So think support like helping with board alignment, creating tools and resources, coaching, analysing data or specific interventions around listening, to help them then understand where does the issue of systemic racism show up in their business? And therefore, what is their problem statement? And what can they do?
So, this premise of better business for us is about trying to eradicate assumptions. Particularly with CEOs, they assume that everybody wants to do the work, and that everybody wants to progress to be anti-racist.
Leaders can assume that everyone has the knowledge, and they assume that everyone is comfortable. What we're saying is those assumptions are dangerous because you're making business decisions without strong foundations.
So when we're thinking about better business, we're thinking about how you can build up strong foundations to ensure that all the actions that you're taking to address something that actually causes colleagues harm, comes from a place of knowing and sense checking. Rather than a knee jerk “I think…therefore, yeah, let's just get on with it”.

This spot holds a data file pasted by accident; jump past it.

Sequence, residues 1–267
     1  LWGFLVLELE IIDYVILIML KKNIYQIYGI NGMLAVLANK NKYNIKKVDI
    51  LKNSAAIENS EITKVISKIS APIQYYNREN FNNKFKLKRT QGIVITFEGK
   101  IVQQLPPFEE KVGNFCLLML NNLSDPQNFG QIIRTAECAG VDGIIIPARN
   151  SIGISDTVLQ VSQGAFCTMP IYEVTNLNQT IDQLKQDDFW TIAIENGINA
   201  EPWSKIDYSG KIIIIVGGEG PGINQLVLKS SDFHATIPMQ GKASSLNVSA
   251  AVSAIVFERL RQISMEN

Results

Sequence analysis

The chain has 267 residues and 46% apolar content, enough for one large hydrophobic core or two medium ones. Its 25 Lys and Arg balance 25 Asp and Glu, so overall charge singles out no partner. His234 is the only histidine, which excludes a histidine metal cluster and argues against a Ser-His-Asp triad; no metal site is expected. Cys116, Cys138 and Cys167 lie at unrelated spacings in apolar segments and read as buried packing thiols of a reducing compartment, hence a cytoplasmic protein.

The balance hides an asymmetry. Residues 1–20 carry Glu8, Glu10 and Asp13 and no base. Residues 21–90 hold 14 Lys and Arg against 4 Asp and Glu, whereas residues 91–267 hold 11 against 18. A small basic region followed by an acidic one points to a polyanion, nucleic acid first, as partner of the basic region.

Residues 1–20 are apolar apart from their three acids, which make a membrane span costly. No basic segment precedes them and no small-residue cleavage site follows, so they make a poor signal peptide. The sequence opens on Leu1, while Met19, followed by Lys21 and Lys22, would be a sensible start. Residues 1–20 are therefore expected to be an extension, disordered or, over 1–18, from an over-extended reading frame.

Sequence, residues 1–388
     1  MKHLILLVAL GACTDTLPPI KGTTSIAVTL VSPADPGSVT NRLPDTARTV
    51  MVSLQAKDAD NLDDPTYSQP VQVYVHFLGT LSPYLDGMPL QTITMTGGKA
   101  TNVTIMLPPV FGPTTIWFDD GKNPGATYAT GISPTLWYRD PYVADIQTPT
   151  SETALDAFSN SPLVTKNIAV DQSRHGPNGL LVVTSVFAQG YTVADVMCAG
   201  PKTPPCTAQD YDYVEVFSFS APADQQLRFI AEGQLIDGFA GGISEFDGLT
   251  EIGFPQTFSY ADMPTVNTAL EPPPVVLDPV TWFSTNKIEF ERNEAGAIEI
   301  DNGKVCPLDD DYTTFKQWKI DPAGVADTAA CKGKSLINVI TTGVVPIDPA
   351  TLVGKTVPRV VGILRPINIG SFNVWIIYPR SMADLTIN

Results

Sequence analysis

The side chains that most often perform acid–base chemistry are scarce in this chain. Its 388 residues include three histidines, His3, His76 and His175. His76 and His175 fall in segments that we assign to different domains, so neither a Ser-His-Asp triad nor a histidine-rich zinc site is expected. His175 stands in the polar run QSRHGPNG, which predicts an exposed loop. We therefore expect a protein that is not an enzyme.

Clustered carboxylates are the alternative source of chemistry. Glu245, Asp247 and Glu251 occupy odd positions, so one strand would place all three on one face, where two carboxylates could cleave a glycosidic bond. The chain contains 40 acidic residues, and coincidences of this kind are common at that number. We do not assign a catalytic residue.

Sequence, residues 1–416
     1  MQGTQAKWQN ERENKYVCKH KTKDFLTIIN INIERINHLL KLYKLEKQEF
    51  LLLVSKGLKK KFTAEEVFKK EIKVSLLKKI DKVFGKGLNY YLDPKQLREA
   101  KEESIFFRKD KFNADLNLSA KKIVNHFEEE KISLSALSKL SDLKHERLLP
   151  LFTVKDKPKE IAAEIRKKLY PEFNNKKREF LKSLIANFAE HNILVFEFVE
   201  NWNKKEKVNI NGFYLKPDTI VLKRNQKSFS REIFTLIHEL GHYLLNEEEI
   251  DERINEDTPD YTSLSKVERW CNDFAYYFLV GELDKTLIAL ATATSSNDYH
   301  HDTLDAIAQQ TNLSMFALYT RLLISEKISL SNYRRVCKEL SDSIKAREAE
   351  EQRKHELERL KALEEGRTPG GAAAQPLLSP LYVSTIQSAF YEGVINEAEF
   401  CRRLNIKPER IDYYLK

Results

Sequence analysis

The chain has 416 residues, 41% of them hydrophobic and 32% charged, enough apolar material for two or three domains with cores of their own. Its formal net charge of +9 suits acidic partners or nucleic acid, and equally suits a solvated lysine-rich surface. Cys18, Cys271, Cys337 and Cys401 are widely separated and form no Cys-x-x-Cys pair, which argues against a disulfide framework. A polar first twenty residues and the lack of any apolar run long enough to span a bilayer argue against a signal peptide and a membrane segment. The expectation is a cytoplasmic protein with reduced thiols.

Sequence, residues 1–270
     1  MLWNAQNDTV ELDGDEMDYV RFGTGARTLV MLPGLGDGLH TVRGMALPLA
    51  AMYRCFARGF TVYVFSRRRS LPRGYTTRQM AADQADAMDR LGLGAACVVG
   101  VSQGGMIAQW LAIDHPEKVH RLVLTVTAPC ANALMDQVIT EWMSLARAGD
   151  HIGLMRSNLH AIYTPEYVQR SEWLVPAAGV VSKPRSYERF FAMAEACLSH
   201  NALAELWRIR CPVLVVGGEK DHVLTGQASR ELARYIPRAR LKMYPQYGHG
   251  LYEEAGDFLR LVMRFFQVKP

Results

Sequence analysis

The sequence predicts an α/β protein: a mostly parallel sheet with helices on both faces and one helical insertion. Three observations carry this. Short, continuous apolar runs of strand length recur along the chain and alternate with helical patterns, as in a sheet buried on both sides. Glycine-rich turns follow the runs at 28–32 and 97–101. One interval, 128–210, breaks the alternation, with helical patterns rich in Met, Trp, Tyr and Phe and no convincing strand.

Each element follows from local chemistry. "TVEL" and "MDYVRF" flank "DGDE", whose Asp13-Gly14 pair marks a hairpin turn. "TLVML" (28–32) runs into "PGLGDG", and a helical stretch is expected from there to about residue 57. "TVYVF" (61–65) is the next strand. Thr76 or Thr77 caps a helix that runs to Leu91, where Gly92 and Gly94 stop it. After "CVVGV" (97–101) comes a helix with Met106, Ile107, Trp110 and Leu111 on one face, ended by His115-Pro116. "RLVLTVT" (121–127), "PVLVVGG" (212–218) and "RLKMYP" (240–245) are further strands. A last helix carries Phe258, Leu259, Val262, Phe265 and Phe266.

In essence, we just help businesses ask better questions. We don't give them the answers, because the context is different for each business."
You've written a book The Anti–Racist Organization: Dismantling Systemic Racism in the Workplace (Wiley, 12 May 2022). Why did you write it, are you happy you did and should we buy it?
""Yes, you should definitely buy it! I'm very pleased I wrote it and it’s finally going to have its outing into the world.
The backstory is that I recorded 100 videos, pretty much in 100 consecutive days, following the murder of George Floyd. Somewhere around video number 27, one of my LinkedIn followers wrote in the comments: “Shereen, I think it's time that you started thinking about writing a book”. I said, “Imagine if I get to 100 videos – if I do that, I'm definitely writing a book.”